Growing numbers of animal lovers are parting with their pets – from cats and dogs to snakes and lizards – as the cost-of-living crunch keeps growing.
Some owners are dumping them on streets, with 206 dogs and 164 cats currently being looked after at rehoming centres run by the Battersea animal charity.
It’s a similar story at other centres across the country – with some seeing record inquiries for dog and cat returns – as the tightest squeeze on living standards since at least the 1960s is forcing droves of owners to decide the additional cost of food plus hundreds of pounds in vet bills is now no longer manageable.
Steve Craddock, manager of the Battersea Dogs & Cats Home centre in south London, warned: ‘We are concerned that this crisis will be an increasing reason for people bringing their dogs in to Battersea.’
Exotic pets such as snakes and lizards are also proving too expensive due to their need for specialist heating and lighting. Three snakes, including an 8-foot (2.4-metre) boa constrictor were recently dumped in pillow cases outside a reptile shop, the RSPCA said.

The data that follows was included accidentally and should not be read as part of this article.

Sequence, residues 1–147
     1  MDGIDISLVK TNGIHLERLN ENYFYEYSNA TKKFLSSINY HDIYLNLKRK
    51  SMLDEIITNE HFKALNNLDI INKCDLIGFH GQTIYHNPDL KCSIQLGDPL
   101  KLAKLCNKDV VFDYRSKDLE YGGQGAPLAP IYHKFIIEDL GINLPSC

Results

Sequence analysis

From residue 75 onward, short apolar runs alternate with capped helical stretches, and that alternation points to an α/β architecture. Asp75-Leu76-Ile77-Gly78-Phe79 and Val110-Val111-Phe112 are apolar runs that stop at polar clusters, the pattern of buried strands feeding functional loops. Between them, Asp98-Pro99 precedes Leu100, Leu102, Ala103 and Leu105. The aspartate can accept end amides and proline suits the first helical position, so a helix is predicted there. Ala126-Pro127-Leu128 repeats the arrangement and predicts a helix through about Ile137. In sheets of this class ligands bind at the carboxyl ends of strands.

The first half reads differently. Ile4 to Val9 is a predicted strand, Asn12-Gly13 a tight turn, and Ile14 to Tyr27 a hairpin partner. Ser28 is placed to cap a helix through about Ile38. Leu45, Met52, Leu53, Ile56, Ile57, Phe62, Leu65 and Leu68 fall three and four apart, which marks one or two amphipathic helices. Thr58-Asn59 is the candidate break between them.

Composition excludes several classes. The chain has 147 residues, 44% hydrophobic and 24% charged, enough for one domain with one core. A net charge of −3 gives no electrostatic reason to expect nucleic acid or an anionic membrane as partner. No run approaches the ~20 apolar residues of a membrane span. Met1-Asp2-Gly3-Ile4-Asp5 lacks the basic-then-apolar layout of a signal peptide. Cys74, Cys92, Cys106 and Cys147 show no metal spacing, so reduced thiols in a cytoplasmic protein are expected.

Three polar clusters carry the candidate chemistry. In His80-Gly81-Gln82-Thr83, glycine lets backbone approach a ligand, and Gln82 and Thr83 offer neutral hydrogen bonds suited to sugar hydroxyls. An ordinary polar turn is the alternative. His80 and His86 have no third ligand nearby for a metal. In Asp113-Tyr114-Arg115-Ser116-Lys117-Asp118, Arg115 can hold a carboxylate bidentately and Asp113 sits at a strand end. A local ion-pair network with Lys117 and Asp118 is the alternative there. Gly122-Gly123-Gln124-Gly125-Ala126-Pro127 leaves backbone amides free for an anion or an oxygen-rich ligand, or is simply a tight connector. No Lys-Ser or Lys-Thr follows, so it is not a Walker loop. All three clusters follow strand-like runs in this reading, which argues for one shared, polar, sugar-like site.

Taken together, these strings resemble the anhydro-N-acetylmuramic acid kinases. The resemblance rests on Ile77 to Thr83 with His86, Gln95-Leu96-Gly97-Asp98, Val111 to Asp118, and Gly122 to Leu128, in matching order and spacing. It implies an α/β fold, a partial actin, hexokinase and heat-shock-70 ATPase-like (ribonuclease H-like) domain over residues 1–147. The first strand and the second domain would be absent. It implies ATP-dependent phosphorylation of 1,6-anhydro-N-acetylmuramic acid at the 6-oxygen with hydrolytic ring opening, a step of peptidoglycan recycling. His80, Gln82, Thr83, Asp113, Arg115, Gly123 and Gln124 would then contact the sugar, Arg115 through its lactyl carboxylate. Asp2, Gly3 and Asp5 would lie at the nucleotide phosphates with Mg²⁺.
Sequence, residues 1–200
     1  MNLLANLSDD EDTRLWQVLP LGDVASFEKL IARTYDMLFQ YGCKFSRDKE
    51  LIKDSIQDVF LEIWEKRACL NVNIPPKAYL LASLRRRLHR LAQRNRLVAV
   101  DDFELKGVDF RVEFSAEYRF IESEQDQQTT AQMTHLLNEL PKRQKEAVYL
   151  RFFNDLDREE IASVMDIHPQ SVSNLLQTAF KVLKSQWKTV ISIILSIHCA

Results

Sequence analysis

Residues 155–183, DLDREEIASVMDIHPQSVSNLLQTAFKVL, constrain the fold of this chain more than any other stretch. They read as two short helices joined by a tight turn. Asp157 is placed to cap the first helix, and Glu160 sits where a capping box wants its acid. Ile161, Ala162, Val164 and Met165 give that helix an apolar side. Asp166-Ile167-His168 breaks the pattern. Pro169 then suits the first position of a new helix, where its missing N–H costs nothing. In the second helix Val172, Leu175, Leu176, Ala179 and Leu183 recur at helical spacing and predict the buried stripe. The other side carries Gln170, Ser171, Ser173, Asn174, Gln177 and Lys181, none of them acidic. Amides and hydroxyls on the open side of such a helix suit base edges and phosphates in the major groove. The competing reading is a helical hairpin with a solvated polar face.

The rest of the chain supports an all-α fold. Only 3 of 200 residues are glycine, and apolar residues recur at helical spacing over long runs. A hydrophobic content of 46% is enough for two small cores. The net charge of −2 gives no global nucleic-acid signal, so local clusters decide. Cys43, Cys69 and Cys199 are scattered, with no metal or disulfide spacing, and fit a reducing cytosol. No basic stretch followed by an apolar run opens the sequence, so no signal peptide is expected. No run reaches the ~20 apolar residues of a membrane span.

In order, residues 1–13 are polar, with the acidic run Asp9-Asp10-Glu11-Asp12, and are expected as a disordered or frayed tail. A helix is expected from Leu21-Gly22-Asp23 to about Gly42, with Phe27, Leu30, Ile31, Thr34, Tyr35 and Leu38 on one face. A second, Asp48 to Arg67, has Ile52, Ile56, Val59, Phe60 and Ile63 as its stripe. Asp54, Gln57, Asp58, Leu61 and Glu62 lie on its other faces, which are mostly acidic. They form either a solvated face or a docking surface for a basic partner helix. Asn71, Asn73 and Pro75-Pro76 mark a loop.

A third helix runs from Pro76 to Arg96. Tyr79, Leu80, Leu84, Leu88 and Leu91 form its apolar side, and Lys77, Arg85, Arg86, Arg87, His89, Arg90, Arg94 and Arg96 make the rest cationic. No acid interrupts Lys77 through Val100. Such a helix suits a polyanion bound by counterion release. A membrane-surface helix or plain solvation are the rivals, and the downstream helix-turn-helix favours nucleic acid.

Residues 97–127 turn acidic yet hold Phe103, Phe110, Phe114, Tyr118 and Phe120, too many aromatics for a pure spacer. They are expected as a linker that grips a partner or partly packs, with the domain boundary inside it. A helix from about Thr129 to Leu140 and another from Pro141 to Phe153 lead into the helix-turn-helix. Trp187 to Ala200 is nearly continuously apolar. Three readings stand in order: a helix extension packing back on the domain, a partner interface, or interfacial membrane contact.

The trend, which follows a surge in demand for pets during the Covid pandemic lockdowns, comes as households brace for energy bills to more than triple in January.
Dogs Trust, which currently has 692 dogs needing homes in 21 centres across the country, said the last time it had seen anything like this was in the wake of the 2008 financial crash.
The Trust’s operations director Adam Clowes said: ‘This cost-of-living crisis has crept up on us a lot more quickly than people ever expected.’
Such is the pressure that the charity is considering whether it should expand an emergency support fund – normally reserved for people on welfare benefits who need short-term financial support to keep their pets – to more middle-income earners.
Animal charities say they are also worried the squeeze on living standards will have an impact on donations, though they are not seeing this yet.
Previous reports on the trend have said owners are coming to rehoming centres in tears at having to give up animals to pay bills.
Being rehomed is unlikely to be the case for most animals, with another charity, Woodgreen, saying applications to adopt animals have plunged to the 100s a month – from around 10,000 during lockdowns.
Pilar Gómez-Igbo, an assistant editor, could have been one potential owner, but having done some research she is now worried about the extra costs.
She said: ‘As the change in living costs became more evident, yes definitely, it joined the list of things to seriously consider. I will make myself wait a little.’
Andrea Gamby-Boulger from Wetnose Animal Aid said “Could be another grim year for animal welfare and the smaller Rescue Centres, we have been giving funds to the smaller Rescue Centres for over 22 years and we have never seen so many depressed and worried Rescue Centre owners around the UK, its not just cats and dogs, its ponies, parrots, snakes, all pets in general, people are really worried and this will go on into 2023 as well with food shortages, a perfect storm.”